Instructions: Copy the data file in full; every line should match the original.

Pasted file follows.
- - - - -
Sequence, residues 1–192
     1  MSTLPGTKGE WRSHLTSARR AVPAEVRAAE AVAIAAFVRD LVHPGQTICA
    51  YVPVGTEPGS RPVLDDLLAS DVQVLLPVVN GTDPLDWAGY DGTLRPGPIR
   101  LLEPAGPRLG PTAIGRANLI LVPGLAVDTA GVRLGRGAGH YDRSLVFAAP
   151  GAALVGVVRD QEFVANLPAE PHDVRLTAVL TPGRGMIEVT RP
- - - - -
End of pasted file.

Sequence, residues 1–192
     1  MSTLPGTKGE WRSHLTSARR AVPAEVRAAE AVAIAAFVRD LVHPGQTICA
    51  YVPVGTEPGS RPVLDDLLAS DVQVLLPVVN GTDPLDWAGY DGTLRPGPIR
   101  LLEPAGPRLG PTAIGRANLI LVPGLAVDTA GVRLGRGAGH YDRSLVFAAP
   151  GAALVGVVRD QEFVANLPAE PHDVRLTAVL TPGRGMIEVT RP